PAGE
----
NUCLEAR AWARENESS

NUCLEAR AWARENESS, music by KubikMilk. This video is intended for nuclear awareness and is a compilation of declassified library of Atmospheric Nuclear Weapons Testing 1951 – 1963 by US Army. The nuclear weapons tests of the United States were performed between 1945 and 1992 as part of the nuclear arms race. The United States conducted around 1,054 nuclear tests by official count, including 216 atmospheric, underwater, and space tests.

Atmospheric Nuclear Weapons Testing 1951-1963

Los Alamos, working with the Army Air Force, developed two bomb models by spring 1944 and began testing them, without the fissionable materials, with drops from a B–29 bomber. The plutonium implosion prototype was named Fat Man.

Fat Man plutonium bomb being readied at Tinian in the Pacific. Source: Los Alamos National Laboratory.
Fat Man plutonium bomb. Source: Los Alamos National Laboratory.

The uranium gun prototype became Little Boy. Field tests with the uranium prototype eased remaining doubts about the artillery method. Confidence in the weapon was high enough that a full test prior to combat use was seen as unnecessary.

Model of Little Boy uranium bomb. Source: Department of Energy.
Model of Little Boy uranium bomb. Source: Department of Energy.

The plutonium device was more problematic. It would have to be tested before use, under the name Trinity device.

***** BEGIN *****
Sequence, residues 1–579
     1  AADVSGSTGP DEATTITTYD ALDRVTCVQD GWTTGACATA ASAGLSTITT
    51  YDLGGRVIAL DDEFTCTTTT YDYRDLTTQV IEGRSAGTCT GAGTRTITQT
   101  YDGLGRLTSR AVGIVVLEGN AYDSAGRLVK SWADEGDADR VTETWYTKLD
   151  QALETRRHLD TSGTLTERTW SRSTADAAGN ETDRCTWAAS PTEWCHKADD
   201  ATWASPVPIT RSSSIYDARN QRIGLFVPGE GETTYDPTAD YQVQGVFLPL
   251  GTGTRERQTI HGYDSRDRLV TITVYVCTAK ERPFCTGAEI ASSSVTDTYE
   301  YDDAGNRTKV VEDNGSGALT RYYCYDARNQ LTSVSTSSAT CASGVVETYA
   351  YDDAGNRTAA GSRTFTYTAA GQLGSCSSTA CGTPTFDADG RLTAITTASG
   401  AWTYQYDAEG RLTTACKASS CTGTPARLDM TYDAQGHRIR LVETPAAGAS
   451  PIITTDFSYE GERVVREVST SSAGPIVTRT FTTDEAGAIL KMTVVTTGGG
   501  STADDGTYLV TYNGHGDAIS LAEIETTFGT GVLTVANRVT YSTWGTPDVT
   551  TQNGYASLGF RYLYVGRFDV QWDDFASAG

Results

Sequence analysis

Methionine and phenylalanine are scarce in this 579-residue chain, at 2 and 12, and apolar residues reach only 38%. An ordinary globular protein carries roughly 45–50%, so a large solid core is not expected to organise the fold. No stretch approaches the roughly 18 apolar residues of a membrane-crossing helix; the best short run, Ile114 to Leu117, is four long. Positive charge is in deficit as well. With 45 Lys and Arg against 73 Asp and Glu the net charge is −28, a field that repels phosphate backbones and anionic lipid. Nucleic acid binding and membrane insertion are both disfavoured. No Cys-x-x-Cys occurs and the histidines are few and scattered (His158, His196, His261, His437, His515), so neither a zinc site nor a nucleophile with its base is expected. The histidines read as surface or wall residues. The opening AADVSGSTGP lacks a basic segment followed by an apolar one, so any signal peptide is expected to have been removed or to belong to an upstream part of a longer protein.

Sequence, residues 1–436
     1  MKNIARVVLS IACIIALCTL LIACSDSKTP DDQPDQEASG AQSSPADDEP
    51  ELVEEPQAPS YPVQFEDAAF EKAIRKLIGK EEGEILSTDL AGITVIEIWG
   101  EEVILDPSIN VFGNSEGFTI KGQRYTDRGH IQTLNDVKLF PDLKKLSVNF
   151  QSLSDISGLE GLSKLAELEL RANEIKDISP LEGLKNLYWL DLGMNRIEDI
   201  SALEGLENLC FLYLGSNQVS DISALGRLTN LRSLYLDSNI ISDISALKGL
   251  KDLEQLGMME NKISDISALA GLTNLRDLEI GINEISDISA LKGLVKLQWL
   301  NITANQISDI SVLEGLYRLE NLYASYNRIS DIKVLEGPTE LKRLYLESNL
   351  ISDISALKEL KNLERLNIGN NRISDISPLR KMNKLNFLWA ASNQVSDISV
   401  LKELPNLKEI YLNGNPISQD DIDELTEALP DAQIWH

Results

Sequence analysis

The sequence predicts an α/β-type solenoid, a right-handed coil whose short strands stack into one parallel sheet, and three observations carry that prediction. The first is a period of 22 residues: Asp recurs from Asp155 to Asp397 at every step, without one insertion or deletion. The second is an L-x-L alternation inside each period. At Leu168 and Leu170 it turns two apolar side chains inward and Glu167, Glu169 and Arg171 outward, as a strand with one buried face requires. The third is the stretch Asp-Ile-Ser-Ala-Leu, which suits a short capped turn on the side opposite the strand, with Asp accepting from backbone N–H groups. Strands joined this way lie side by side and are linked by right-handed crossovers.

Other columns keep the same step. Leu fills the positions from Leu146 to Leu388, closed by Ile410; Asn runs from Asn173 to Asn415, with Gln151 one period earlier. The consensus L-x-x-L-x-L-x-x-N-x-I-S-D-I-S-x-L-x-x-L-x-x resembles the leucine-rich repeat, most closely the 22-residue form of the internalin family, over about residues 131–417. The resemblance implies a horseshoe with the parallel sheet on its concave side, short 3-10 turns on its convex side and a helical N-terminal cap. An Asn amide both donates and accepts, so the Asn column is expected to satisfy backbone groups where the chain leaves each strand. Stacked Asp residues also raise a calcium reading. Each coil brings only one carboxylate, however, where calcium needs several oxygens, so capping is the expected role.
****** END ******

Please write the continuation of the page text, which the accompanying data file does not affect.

On July 16, 1945, the Trinity device detonated over the New Mexico desert and released approximately 21 kilotons of explosive yield.

The predawn blast, which temporarily blinded the nearest observers 10,000 yards away, created an orange and yellow fireball about 2,000 feet in diameter from which emerged a narrow column that rose and flattened into a mushroom shape.

The blast scoured the desert floor, leaving a shallow crater, 10 feet deep and some 400 yards across, in which radioactivity far exceeded pretest estimates. More efficient than expected, the shot dropped little fallout on the test site beyond 1,200 yards of ground zero.

Most radioactivity was contained within the dense white mushroom cloud that topped out at 25,000 feet. Within an hour, the cloud had largely dispersed toward the north northeast, all the while dropping a trail of fission products.

Off-site fallout was heavy. Several ranch families, missed by the Army survey, received significant exposures in the two weeks following Trinity. The families, nonetheless, evidenced little external injury. Livestock were not as fortunate, suffering skin burns, bleeding, and loss of hair.


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Related Resources:

  • Origins of the Nevada Test Site, by Terrence R. Fehner and F. G. Gosling
  • The Manhattan Project: Making the Atomic Bomb * by F. G. Gosling
  • The United States Department of Energy: A Summary History, 1977 – 1994 * by Terrence R. Fehner and Jack M. Holl

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